NSU HPD Catalog 2021-2022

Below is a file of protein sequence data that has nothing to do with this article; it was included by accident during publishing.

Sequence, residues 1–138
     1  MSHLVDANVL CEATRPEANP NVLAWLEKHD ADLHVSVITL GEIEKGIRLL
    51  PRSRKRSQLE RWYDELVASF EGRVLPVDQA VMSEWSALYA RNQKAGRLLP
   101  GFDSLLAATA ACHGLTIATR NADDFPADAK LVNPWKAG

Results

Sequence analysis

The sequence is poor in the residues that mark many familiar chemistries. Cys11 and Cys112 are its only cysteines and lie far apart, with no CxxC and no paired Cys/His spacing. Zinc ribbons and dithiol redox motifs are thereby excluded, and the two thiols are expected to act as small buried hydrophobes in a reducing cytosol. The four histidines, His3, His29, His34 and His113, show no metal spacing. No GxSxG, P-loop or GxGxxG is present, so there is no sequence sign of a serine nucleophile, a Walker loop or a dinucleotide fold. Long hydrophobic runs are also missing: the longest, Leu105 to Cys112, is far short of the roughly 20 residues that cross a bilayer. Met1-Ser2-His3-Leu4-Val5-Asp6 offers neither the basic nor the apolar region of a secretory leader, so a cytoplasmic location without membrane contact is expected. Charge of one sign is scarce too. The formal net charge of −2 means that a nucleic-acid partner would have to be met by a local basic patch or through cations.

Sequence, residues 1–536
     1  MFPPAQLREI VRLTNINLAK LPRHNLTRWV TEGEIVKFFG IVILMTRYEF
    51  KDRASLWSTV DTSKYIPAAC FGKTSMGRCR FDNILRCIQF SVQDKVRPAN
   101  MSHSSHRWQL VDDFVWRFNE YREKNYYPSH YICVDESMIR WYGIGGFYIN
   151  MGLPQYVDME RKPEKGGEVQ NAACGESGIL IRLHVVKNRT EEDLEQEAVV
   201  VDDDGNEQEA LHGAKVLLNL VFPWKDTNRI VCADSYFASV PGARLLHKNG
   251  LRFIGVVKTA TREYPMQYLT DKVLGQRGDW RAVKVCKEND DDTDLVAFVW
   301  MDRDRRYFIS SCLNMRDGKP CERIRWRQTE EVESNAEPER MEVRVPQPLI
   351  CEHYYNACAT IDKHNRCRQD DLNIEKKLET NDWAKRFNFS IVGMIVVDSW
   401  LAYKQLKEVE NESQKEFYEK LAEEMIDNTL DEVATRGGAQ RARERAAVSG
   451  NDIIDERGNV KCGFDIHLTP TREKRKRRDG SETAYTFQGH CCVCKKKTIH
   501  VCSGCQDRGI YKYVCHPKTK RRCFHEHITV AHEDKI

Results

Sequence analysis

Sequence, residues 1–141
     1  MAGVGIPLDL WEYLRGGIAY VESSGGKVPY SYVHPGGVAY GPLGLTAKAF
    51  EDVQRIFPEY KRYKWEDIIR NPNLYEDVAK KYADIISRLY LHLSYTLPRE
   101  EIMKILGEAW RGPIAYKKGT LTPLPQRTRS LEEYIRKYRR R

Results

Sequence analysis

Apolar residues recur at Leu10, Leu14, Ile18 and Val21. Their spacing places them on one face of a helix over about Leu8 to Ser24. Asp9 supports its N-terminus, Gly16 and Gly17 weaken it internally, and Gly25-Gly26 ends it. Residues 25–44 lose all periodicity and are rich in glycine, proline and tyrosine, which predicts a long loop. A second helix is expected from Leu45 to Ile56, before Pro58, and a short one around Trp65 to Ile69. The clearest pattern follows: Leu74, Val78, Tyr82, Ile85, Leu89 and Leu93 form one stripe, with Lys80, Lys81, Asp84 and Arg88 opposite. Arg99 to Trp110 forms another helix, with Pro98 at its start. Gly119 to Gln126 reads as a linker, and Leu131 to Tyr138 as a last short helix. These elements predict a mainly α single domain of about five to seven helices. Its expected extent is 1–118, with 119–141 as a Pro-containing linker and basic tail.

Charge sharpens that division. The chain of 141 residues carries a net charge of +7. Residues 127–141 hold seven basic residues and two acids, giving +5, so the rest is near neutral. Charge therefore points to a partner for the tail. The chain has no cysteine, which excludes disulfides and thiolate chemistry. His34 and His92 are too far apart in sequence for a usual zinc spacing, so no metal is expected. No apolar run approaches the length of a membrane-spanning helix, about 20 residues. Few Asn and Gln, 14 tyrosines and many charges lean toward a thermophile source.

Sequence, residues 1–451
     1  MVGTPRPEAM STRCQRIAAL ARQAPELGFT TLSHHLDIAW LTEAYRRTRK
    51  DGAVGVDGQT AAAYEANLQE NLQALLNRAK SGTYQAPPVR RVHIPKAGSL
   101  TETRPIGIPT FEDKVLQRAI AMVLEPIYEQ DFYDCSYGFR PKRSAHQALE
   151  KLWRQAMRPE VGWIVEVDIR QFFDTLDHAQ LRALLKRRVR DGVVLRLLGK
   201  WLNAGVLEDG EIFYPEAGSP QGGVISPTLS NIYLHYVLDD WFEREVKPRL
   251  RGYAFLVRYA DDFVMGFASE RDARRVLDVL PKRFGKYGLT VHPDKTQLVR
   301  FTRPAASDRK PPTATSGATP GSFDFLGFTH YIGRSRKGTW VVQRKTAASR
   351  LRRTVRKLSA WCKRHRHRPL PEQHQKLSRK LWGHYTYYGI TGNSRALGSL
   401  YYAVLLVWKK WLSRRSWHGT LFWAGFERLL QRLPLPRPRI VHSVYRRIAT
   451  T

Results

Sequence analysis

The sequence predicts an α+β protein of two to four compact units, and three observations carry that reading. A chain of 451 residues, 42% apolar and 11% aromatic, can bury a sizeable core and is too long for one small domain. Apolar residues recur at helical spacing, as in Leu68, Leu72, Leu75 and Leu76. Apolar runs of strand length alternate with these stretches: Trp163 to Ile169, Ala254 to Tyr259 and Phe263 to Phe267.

Dr. Kiran C. Patel College of Osteopathic Medicine—Couple and Family Therapy Programs 171 (ADHD), and the implementation of a both/and perspective, using applied behavior analysis and systemic thinking. (3 credit hours) SFTM 5400—Internal Practicum I–II These two supervised clinical courses consist of the application of systemic therapy ideas and practices at the on-site Family Therapy Clinic. Prerequisites: SFTM 5310, SFTM 5320, SFTM 6340 (3 credit hours) SFTM 5700—Course Comprehensive Exam This course is a written exam that assesses the student’s ability to apply the theoretical knowledge gained across cases and topics based on coursework and clinical experiences. (3 credit hours) SFTM 6110—Systems Application in the Family Life Cycle of Aging This course will provide a focus on the major concepts of systems thinking as applied to the family life cycle of aging. The class will focus on foundational concepts of systemic theories associated with the work of Gregory Bateson, Humberto Maturana, and Heinz von Foester. Students will have an opportunity to explore interactional theories informed by cybernetics, language, and natural systems metaphors in the framework of the aging process. This course will provide not only an opportunity to learn about systemic theories, but also a possibility to reflect on applications of such theoretical concepts while examining the process of aging and family interactions involving older adults. Offered winter term. (3 credit hours) SFTM 6120—Relationships in Aging Multidimensional in nature, aging invites diverse health care professionals to work together to examine its various aspects. This course will offer students an opportunity to reflect on diverse relationships among older adults themselves, senior health care consumers and their health care providers, and various health care professionals who are taking care of the aging population. The role modification in the American household, romantic relationships in later life, and the societal outlook on the process of aging are just a few topics addressed in this class. Students will also examine current needs and requirements of the working environment with older adults, including the subject of integrative primary care and the necessity of multidisciplinary teamwork. Offered winter term. (3 credit hours) SFTM 6130—Caregiving in the Family Caregiving constitutes a challenging experience for the whole family. This course will provide an opportunity to examine diverse characteristics of the caregivers, emotional and physical issues associated with caregiving, and existing resources implemented to support families and caretakers. In addition, students will have an opportunity to examine the notions of well-being and quality of life as applied to those providing and receiving care. While reflecting on the caregiving process, students will use concepts from such theoretical frameworks as constructivism, social constructionism, and general systems theory to investigate diverse perceptions and ideas about caregiving. Providing theoretical guidelines, this class will also give students a possibility to acquire attuned therapeutic skills to provide assistance to caregivers and their families. Offered summer term. (3 credit hours) SFTM 6140—Grief and Loss in Aging Loss has multiple faces, especially when growing older. The experiences of loss are uniquely tinted by our cultural framework, spiritual beliefs, family traditions, and individual values. This course offers students an opportunity to examine different types of losses in later life, paying particular attention to the concepts of anticipatory and disenfranchised grief. Students explore how loss is perceived among older adults from diverse ethnical and cultural backgrounds, paying particular attention to the variety of mourning traditions. In addition, the concept of resilience is introduced inviting students to become curious about diverse stories of healing. Offered fall term. (3 credit hours) SFTM 6300—External Practicum I–II Advanced clinical training and supervision is provided to enhance the practice of systemic therapy from strength-based, solution-oriented models of therapy that can be incorporated in a wide variety of community settings. Prerequisite: SFTM 5400 II (3 credit hours) SFTM 6320—Assessment in Marital and Family Therapy This course provides an overview of methods and instruments used to define problems and indicate solutions. Diagnosis, appraisals, assessments, and testing appropriate to the practice of marriage and family therapy are addressed. The course also includes a comparative study of interactional approaches and individual and family dysfunction assessments. Offered summer term. Prerequisites: SFTM 5310, SFTM 5321, SFTM 5400 I (3 credit hours) SFTM 6331—Diversity and Psychosocial Issues Human development in the context of family transitions across the life cycle—such as childbirth, childhood, adolescence, courtship, marriage, maturity, aging, and death—are reviewed. This course focuses on the diversity of psychosocial development across ethnicity, class, gender, race, age, and culture, with discussions and implications for interactional therapies and practices. Offered fall term. Prerequisite: SFTD 6200 I (3 credit hours)